Videographer to Watch: Jonathan Adamson

By: Melanie Blodgett Photo by: Justin Hackworth

If you’ve seen any of the films from Alt SLC 2014, you know that there must have been a talented person behind the camera. Well, that person is Jonathan Adamson and he is talented indeed.

Jonathan got his start in film his junior year of high school where he created 2D animation films by hand drawing 30 images for every second of video. Although, he states, it was a long and painful process, it was his introduction to moving images and he found himself admitted to the film program at BYU years later.

Jonathan has had the privilege of working for BYU library, Roberts Arts & Crafts, Equality Utah, TEA of Utah, Dixie State University, Veterinary Orthopedic Services, Altitude Summit (YAY!), as well as individuals like Dustin and Spencer whose flashmob proposal at Home Depot went viral.

We asked him a few questions today so you can get to know the man behind the lens.

Where do you draw inspiration?

There are two kinds of work I enjoy doing. The first kind is the kind of work that leaves me feeling like I am helping to make a difference in the world- a change for good. For this kind of work, my passion and inspiration really comes from this idea that people are basically good. And because they are basically good, if I experience something that inspires me to create change, I believe that if other people were able to experience that same thing, they would also be inspired to create change. Often times, that experience has been meeting and talking with individuals who have the most to gain from positive change. The people that are harmed the most by the status quo. I draw on them and their stories to breath life into videos that hopefully convey those stories in a way that touches viewers who may never actually meet these people or otherwise here their stories.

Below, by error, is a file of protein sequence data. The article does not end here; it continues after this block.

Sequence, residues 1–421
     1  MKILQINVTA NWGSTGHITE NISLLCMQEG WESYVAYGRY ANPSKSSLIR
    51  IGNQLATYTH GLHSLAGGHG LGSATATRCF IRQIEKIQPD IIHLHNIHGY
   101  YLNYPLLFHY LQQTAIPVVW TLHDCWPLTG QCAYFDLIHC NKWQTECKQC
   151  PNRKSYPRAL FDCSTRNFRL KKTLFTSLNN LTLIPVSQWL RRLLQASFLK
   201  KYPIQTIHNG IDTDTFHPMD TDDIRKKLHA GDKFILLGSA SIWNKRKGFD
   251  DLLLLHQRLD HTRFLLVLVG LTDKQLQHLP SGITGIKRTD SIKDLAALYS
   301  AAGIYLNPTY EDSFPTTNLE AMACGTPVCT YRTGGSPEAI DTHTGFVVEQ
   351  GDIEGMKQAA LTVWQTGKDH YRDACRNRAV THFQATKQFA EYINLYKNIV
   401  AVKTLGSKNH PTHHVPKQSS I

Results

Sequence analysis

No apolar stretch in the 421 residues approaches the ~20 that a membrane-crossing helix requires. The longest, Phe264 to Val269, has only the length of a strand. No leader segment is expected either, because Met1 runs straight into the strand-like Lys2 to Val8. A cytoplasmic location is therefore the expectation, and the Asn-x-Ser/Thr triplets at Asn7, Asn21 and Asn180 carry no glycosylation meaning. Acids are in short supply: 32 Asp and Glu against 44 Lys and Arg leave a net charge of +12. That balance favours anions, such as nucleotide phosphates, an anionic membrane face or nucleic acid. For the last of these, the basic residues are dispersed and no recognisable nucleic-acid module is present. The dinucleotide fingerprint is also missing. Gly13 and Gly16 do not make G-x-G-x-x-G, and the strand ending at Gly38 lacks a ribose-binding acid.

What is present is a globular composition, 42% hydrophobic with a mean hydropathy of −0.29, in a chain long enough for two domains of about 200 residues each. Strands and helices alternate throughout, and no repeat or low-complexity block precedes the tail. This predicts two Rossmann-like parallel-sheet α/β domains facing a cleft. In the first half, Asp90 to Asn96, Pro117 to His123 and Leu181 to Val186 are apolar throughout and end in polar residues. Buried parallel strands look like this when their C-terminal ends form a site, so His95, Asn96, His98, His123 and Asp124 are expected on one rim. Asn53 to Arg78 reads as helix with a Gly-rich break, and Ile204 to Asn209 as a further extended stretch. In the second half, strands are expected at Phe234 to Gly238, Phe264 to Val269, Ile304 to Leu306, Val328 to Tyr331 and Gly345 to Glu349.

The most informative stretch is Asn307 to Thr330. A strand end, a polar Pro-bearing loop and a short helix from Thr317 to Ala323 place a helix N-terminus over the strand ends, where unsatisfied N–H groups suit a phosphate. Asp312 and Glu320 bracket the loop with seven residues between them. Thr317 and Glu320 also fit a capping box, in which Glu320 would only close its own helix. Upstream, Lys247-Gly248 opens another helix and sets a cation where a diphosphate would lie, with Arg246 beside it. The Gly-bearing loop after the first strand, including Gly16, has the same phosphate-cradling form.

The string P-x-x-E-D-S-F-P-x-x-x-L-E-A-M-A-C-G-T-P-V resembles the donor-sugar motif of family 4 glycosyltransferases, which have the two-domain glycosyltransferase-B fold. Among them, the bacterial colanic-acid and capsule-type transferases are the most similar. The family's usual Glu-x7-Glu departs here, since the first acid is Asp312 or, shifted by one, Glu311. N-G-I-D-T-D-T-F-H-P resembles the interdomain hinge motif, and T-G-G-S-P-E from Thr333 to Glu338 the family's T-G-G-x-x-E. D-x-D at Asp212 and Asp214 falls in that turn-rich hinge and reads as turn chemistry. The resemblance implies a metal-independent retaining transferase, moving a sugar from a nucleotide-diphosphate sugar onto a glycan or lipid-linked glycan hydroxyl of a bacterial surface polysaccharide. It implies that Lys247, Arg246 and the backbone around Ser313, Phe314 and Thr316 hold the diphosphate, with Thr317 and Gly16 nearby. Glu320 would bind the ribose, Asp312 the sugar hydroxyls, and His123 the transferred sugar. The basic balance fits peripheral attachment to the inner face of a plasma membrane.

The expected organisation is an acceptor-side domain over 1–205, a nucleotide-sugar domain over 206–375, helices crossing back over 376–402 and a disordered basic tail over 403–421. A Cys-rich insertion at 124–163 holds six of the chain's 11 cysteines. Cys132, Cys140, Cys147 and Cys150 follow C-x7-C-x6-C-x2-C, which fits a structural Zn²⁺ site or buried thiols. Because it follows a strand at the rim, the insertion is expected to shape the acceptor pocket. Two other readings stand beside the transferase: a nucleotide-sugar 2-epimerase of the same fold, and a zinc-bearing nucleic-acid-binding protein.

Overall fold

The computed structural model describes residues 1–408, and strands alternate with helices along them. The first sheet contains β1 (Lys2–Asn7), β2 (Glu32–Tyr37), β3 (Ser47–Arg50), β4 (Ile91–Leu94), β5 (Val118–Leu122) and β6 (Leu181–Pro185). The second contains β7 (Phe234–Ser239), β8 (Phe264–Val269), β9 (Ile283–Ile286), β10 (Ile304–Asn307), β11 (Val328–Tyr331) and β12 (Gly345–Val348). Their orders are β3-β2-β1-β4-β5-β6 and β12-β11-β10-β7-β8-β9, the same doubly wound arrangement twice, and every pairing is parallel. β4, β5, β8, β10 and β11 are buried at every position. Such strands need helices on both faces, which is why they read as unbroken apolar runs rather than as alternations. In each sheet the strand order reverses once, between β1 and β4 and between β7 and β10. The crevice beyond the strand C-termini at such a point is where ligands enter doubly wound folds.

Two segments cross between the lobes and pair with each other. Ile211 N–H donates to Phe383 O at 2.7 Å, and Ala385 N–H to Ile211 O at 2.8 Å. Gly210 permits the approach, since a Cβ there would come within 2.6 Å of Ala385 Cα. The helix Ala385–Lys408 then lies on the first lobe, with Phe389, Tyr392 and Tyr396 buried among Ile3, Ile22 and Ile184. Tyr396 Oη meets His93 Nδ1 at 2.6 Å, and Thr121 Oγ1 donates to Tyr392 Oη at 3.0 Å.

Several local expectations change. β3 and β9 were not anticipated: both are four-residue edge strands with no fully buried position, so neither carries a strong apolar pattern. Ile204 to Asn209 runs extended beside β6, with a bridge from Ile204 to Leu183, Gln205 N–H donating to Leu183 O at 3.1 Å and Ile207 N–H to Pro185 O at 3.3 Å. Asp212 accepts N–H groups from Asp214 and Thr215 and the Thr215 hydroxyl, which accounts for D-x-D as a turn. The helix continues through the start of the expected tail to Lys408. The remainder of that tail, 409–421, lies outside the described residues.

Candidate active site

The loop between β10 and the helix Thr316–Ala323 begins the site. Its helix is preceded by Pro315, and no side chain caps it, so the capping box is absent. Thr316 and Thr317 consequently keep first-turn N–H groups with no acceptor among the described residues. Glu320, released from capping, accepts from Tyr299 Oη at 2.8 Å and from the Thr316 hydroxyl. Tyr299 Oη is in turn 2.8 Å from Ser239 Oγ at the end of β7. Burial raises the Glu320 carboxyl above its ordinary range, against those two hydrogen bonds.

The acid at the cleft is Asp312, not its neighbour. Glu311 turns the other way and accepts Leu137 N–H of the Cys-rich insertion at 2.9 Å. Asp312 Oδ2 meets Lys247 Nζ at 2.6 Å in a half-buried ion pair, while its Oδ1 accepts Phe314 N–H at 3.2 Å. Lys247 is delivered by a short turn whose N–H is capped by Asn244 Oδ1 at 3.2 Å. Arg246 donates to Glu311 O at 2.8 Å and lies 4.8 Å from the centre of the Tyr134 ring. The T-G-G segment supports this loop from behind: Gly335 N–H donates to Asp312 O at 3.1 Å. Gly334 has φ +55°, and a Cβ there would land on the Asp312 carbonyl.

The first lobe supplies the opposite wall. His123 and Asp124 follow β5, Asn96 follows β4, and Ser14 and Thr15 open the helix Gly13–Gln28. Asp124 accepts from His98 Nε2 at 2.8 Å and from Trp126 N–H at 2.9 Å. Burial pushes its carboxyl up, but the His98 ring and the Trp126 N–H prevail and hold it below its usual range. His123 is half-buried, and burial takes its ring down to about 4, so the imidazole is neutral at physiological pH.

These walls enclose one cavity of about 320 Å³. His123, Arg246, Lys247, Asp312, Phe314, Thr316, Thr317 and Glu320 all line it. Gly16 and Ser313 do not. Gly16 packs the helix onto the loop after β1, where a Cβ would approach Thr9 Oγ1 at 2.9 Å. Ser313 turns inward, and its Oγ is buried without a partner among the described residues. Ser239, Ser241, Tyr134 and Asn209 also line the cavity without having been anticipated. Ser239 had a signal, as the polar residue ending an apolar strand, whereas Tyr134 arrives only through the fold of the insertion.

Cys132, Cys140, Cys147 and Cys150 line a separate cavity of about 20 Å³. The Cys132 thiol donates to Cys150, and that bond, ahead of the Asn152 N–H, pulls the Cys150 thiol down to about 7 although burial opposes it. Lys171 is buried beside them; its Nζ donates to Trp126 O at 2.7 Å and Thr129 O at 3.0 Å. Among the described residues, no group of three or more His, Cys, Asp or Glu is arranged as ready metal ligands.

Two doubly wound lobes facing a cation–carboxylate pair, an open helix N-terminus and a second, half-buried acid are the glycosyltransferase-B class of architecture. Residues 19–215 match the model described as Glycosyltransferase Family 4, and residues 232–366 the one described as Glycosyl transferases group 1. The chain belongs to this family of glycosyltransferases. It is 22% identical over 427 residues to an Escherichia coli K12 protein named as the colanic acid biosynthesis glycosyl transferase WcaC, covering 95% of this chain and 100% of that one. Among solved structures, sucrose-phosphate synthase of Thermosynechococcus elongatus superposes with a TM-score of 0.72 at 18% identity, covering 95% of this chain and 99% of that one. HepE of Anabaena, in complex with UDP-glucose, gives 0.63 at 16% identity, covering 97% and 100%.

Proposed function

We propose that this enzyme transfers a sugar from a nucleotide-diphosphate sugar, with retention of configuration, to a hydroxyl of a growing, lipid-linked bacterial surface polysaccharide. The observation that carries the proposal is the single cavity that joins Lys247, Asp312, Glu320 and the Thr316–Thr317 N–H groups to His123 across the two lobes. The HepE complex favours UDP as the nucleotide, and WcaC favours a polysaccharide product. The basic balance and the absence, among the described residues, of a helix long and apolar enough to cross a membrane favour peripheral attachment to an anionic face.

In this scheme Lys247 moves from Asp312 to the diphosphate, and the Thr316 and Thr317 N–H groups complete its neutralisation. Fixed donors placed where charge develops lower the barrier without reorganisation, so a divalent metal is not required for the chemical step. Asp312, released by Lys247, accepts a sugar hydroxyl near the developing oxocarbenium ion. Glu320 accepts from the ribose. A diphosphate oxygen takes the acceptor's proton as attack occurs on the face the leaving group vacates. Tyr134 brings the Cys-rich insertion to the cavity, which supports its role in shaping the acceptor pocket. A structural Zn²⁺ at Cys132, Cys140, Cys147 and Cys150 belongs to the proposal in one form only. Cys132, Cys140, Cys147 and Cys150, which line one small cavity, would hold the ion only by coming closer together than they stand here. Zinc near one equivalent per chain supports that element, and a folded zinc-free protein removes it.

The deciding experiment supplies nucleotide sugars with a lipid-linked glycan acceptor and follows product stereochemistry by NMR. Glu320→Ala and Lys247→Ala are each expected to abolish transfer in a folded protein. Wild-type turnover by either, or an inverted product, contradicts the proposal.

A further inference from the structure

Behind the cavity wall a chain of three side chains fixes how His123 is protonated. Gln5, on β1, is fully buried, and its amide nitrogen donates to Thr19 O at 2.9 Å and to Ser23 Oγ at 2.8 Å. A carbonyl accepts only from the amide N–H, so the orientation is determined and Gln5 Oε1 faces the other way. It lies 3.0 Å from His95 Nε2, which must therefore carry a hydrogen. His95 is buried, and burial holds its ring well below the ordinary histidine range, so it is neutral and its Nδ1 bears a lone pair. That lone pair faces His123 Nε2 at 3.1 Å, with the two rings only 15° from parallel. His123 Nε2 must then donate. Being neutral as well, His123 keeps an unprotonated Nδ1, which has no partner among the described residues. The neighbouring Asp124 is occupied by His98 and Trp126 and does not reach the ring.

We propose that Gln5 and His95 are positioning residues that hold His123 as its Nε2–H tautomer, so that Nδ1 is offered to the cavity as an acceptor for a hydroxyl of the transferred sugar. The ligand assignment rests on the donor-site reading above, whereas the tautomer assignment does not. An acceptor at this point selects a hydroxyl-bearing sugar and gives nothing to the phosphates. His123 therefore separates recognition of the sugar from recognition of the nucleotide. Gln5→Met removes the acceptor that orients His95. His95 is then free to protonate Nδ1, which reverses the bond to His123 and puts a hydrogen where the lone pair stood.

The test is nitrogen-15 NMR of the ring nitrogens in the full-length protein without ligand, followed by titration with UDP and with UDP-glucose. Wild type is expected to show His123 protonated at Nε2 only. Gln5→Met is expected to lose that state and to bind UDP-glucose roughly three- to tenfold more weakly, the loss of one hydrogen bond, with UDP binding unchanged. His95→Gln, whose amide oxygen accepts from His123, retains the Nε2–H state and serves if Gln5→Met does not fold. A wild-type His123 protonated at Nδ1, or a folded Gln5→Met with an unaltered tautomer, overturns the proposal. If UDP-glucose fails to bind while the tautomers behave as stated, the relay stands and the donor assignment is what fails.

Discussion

The other kind of work I love is really just capturing beautiful images. If we’d only take the time to "stop and smell the roses,” perhaps we’d realize how beautiful life really is. Filmmaking has the power to show us something seemingly normal in a new way. Making dinner. A child paying house. Rain. All of a sudden these small moments are brought to our attention in a way that perhaps we wouldn’t otherwise notice or even think to call “beautiful.” For this kind of work I try and think about and observe how people connect with their world, which I believe is at the root of what we call beautiful. It is a connectedness that we feel- to nature, to another human being, to a cause. I draw inspiration for this sort of work mainly through observation. It forces me to look at the world around me in different ways. Perhaps the brown plants in front of the house, dormant from the cold, are “ugly” at first glance, but change your angle and maybe that yellow brown color looks beautiful against the deep wine red color of the wood siding. Beauty may very well lie in perspective.

Why do you love video?

Video has amazing power. First, it can motivate people to create a better world. Storytelling is such a huge part of the human experience. It is what enables us to learn from our past and envision our future. I think that video is probably the most effective storytelling medium.

Second, it’s a very collaborative medium. On large productions there can be hundreds of people that unite to tell a story and so it forces me to work with and depend on others and their talents and ideas that I can then learn from.

Finally, it is challenging. Every project is unique. It forces me to learn new skills and to try new things and it never fails to keep me on my toes. There is so much to love about video!

What is the future of video online?

Video has become an ever growing part of our daily experience. I imagine that in the future, the consumer will decide what stories and messages are heard. As the Millennial generation grows older, the market for broadcast TV will continue to shrink and online viewing will expand. With the expansion of online viewing will come an increasing importance placed on resonating with online communities and social networks. If your story resonates with the online community, it will be shared and distributed and millions of captivated people could tune in to watch. If, however, your story or message does not resonate, no one will hear about it. The future of video IS online. The trick is and will be, how do you tell a compelling story that the online community will share?

See more from Jonathan on his site, Reelboy Productions.